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    This article describes network evolution in the context of the global information infrastructure (GII), taking into consideration social and regulatory environments. It provides a GIIs vision for the evolution of wireless networks, which relies on the intelligent network (IN) to support the global and seamless introduction of services. It examines issues related to the Internet (e.g., resources, QoS, and security), which must be addressed properly before the Internet can be considered as the paradigm for the GII. In addition, this article discusses the software aspect of network evolution, equally applicable to all network paradigms. It focuses on the emergence of full network operating systems, which should transform networks into integrated programmable platforms supporting the development and execution of a wide range of services. Finally, this article suggests cooperation in standards definition among all players to effectively answer the technological challenges of future networks and provide both fair competition and regulated liberalization. The standardization of emerging network capabilities encompassing broadband, wireless/mobility, the Internet, and ultimately the GII, is presently ongoing in the ITU-T Study Group (SG) 13, the lead study group on the GII, and other standards organizations View full abstract»

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  • Applications of ATM in global networks

    Page(s): 104 - 109
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    This article describes the market drivers, objectives, and consequences of introducing ATM into public and private networks. To serve the diverse needs of environments and applications, ATM presents a broad choice of characteristics to users and providers. To harness this diversity and bring structure to the choices, this article discusses ATM transfer capabilities (ATCs) and quality of service (QoS) classes as specified in ITU-T Study Group 13. Industry aims to achieve consistency between the ITU-T and ATM Forum specifications. This article includes consideration of AALs and interworking in developing network strategies. Providers will offer a selection of the possible services defined for ATM. Also, each provider will communicate their strategy for preferred network utilization and efficient traffic through incentives to users View full abstract»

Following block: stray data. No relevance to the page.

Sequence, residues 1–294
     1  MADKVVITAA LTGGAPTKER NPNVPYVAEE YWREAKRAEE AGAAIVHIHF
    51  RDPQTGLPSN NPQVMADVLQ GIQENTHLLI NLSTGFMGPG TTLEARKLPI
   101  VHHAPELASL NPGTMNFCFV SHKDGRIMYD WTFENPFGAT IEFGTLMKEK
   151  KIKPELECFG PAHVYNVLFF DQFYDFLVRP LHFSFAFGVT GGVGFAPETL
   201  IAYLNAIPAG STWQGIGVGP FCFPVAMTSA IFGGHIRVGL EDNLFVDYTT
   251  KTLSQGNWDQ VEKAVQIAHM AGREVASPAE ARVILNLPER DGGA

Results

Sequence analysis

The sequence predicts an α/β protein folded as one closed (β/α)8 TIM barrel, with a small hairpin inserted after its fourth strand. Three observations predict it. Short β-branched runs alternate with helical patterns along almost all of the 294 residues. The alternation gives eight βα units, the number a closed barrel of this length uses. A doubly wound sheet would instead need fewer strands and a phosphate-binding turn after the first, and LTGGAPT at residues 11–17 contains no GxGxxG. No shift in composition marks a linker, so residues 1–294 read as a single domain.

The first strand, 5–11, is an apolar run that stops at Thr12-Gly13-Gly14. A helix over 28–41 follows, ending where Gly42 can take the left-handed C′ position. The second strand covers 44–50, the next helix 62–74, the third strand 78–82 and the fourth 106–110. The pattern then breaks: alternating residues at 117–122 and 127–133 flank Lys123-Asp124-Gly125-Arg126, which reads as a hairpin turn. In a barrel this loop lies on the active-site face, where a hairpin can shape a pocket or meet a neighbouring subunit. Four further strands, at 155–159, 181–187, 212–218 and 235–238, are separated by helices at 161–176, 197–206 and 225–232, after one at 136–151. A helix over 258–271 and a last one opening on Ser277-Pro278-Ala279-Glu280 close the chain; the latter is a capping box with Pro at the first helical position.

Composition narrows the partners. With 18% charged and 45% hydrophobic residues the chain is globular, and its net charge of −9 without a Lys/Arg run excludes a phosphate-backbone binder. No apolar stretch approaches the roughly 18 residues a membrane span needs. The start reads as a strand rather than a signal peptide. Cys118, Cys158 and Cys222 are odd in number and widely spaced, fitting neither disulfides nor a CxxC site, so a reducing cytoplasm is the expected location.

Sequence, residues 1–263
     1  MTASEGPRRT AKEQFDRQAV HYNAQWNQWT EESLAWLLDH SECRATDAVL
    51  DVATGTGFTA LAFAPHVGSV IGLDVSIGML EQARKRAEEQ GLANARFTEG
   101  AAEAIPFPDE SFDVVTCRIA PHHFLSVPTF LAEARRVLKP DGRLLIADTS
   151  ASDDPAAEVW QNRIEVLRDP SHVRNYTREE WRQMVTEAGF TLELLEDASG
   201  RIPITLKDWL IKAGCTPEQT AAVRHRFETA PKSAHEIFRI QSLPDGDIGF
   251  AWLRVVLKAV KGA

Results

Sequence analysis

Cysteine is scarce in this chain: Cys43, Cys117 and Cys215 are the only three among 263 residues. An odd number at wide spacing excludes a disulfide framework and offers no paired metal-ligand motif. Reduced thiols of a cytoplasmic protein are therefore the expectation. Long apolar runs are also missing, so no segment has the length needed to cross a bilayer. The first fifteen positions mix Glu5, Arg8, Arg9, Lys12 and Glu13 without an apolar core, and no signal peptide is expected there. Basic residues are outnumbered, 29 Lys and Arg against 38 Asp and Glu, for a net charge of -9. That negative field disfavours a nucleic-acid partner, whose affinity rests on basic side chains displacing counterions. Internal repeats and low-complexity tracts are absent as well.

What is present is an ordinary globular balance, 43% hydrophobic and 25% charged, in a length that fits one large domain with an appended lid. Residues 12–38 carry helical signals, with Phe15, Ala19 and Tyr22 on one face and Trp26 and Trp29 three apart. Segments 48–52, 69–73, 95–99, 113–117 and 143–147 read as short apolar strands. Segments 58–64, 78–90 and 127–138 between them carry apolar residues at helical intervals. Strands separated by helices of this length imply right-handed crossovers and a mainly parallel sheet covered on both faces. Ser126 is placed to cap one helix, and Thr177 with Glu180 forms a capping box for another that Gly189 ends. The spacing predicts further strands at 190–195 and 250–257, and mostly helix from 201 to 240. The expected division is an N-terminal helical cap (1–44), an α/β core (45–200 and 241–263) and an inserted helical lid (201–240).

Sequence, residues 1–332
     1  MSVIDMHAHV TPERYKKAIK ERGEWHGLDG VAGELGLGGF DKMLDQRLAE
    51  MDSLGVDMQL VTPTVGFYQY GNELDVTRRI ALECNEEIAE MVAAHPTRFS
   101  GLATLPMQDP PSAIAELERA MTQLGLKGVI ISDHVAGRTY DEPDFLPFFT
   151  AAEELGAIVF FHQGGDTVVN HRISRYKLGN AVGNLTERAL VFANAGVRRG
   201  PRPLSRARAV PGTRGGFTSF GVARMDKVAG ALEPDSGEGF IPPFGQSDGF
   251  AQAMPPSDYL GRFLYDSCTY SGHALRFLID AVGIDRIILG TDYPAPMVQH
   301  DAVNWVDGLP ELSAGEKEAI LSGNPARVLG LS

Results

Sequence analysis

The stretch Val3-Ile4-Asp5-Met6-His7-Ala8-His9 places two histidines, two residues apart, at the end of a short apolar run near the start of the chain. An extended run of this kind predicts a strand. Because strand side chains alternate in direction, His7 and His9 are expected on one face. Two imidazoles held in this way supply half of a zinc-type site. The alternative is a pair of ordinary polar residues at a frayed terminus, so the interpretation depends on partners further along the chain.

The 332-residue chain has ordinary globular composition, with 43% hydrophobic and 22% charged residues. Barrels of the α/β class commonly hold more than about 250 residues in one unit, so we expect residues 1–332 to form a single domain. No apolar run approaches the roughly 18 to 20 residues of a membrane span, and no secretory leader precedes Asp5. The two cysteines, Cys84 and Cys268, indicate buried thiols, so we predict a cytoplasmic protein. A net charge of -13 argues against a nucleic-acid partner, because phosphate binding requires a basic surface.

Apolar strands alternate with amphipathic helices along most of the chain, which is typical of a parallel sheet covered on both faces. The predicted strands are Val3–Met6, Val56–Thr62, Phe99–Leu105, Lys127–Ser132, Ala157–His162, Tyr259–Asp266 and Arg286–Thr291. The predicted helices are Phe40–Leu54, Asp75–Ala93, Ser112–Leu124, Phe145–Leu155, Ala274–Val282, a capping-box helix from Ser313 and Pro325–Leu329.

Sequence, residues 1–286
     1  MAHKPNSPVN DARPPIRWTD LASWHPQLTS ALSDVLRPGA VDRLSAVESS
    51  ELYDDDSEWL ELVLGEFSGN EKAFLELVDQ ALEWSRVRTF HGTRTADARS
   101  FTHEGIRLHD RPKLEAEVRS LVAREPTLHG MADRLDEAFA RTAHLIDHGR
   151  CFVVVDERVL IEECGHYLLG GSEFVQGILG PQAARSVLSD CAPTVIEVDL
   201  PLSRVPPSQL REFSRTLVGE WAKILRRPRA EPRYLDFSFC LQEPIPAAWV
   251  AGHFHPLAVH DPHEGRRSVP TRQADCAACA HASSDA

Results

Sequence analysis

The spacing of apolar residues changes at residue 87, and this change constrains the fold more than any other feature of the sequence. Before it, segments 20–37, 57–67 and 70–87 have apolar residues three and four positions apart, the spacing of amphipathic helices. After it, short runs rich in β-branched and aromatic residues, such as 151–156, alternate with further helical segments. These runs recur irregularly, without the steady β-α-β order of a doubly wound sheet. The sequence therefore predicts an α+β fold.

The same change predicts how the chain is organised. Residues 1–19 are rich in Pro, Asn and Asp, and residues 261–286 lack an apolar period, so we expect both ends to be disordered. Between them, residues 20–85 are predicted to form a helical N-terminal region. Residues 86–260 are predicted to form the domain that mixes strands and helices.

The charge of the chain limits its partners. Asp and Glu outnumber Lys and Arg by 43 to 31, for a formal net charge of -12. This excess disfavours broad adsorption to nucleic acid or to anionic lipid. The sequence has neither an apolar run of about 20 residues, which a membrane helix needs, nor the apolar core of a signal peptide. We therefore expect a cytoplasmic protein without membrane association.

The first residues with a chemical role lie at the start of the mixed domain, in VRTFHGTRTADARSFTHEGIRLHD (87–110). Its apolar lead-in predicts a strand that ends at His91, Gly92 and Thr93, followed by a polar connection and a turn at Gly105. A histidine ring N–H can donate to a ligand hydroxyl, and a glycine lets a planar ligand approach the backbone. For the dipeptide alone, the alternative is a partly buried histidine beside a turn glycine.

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  • Performance standards for the GII

    Page(s): 116 - 121
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    This article summarizes the traditional process for developing international telecommunication performance standards and describes enhancements that will be needed to adapt the process for use in the emerging global information infrastructure (GII). The necessary enhancements are being developed under the auspices of ITU-T Study Group 13 View full abstract»

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  • Simulation of rare events in communications networks

    Page(s): 36 - 41
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    Computer simulation is an important tool in the analysis and design of communications networks. In spite of the advances in computational power, using simulation to obtain rare event probabilities such as cell/packet loss or delay in networks still requires prohibitively long execution times. We provide an overview of importance sampling techniques and how they can be used to provide orders of magnitude speedup for many network problems View full abstract»

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IEEE Communications Magazine covers all areas of communications such as lightwave telecommunications, high-speed data communications, personal communications systems (PCS), ISDN, and more.

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Osman Gebizlioglu
Huawei Technologies